Two-hundred and seventy-five people representing 99 different countries are now U.S. citizens after getting naturalized on the Fourth of July.
"Oh, I'm so happy for it," Mirrna Perez said. "I was dreaming about this for a long time."
Perez says the hardest part about becoming a citizen was having to work through the language barrier.
"My dream is to speak like real good English and I just keep studying and doing the school," she said.
Perez now says now that she's a U.S. citizen, her goals are endless.
"I want to keep studying and do a lot of things right here in the United States," she said.
They each have a plan of their own, but one thing in common is they're all no officially U.S. citizens.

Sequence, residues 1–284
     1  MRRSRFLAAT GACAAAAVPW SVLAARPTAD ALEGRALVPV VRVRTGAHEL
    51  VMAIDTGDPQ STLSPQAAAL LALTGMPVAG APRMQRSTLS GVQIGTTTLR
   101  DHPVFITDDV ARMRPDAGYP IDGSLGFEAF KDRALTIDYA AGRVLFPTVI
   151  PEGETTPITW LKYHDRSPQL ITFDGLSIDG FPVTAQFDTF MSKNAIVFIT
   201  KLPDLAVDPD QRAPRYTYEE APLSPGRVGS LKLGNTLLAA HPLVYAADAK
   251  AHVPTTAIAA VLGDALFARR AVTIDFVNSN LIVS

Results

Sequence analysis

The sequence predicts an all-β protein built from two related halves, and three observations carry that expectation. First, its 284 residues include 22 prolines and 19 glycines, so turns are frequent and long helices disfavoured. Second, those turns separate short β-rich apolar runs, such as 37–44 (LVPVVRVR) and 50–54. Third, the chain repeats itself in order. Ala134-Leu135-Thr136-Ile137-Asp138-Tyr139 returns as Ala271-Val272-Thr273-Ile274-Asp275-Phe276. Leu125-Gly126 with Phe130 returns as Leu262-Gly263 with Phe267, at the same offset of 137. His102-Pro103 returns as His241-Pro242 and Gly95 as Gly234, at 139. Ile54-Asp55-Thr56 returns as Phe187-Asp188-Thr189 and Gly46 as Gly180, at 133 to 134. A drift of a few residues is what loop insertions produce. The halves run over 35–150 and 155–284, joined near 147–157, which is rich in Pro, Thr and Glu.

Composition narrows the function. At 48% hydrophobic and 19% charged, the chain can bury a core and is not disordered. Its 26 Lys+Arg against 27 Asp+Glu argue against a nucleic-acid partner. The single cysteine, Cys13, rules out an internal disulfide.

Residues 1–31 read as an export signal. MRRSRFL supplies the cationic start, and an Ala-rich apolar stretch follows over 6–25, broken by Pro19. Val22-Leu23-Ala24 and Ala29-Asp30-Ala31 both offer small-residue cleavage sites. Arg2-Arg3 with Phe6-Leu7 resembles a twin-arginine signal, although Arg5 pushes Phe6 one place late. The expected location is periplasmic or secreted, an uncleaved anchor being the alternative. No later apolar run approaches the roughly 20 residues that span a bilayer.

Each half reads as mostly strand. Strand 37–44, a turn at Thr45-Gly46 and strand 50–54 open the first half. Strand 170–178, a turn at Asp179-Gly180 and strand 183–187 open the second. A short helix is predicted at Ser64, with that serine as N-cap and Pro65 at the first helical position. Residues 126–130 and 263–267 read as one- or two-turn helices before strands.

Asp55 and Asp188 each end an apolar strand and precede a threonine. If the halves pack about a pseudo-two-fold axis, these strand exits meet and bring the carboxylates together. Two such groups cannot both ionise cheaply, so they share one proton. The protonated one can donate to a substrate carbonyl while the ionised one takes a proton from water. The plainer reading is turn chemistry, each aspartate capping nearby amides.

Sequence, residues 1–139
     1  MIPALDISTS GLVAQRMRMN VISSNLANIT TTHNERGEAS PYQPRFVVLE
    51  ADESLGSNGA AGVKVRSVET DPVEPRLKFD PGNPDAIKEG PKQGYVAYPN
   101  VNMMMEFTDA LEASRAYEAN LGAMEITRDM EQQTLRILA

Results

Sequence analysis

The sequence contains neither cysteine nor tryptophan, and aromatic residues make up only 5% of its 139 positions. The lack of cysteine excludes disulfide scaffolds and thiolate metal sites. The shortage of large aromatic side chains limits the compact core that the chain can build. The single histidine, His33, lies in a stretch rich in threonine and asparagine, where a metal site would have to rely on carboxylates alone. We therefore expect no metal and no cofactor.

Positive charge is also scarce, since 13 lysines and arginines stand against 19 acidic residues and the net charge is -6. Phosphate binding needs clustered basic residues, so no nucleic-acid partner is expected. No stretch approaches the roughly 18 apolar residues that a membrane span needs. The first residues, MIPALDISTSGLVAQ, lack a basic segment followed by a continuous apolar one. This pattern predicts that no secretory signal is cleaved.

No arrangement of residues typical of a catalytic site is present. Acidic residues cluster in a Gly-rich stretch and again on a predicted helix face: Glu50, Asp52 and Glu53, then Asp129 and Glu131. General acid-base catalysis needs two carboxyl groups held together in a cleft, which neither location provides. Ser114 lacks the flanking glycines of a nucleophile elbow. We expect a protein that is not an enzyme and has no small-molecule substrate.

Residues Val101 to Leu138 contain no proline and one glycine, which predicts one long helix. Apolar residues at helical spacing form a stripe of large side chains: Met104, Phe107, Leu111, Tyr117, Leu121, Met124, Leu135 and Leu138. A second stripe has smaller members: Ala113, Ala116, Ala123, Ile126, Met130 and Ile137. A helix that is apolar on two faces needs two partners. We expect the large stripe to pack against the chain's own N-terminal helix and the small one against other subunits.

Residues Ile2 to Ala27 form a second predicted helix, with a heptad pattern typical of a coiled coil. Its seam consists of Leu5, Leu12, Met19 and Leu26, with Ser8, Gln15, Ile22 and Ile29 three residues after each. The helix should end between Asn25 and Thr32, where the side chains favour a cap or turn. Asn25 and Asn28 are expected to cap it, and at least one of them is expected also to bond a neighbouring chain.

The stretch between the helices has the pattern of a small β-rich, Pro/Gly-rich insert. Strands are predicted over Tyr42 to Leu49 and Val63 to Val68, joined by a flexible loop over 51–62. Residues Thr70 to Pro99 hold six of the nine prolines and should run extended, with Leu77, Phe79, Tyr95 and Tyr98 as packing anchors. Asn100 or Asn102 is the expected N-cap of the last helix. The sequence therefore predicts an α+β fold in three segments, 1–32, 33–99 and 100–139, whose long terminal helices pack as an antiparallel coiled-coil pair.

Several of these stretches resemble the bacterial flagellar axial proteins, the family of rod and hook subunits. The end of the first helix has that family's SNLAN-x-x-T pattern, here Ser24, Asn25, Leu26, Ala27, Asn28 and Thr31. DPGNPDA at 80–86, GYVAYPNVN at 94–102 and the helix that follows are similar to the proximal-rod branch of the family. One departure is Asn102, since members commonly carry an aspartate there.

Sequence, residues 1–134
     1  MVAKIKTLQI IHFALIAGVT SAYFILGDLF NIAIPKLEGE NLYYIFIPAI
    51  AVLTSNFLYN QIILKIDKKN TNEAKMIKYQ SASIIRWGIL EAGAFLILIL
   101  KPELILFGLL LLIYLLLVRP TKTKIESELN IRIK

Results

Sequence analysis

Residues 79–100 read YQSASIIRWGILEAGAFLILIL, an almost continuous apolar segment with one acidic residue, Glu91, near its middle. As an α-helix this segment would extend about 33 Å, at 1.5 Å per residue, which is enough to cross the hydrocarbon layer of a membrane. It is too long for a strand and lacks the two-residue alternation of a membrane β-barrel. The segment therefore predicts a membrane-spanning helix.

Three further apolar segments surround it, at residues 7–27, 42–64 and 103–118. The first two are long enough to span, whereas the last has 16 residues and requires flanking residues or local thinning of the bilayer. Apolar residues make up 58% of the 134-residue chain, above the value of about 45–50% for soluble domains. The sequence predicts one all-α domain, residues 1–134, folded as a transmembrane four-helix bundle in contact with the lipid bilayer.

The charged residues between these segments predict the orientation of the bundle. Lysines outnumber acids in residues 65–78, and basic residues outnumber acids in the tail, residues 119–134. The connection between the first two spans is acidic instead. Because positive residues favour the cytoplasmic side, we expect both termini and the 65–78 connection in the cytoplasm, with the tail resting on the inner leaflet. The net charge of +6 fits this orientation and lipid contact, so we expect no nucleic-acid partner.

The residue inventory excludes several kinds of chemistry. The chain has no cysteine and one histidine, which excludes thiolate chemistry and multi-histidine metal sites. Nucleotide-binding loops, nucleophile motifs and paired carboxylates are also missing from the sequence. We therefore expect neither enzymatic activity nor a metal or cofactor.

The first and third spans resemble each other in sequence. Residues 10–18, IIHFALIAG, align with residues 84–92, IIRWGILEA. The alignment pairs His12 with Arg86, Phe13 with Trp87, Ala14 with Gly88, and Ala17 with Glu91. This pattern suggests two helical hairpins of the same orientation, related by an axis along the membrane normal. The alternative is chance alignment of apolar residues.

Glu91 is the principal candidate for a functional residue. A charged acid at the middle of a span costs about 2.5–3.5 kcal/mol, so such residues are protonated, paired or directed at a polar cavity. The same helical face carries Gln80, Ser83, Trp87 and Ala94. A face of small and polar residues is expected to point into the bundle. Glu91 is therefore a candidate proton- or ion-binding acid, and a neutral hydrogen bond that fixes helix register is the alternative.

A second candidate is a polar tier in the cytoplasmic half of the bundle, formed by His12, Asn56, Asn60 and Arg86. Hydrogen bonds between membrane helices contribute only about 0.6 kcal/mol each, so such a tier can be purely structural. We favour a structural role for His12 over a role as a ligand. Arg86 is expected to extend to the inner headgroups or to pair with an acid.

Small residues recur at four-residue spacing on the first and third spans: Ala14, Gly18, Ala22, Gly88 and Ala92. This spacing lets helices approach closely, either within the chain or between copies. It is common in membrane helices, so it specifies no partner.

"Excited for more changes and I will have a lot more opportunities for my kids, too," Gideon Pia said.
Pia says the process of becoming a citizen takes five months from application to being sworn in.
"It was great, we were assisted and we were all given this information that we needed to have," Pia said.
Now, it's time to celebrate in good ol' Fourth of July fashion.
Since last Thursday, 7,000 new citizens have been sworn in throughout the country.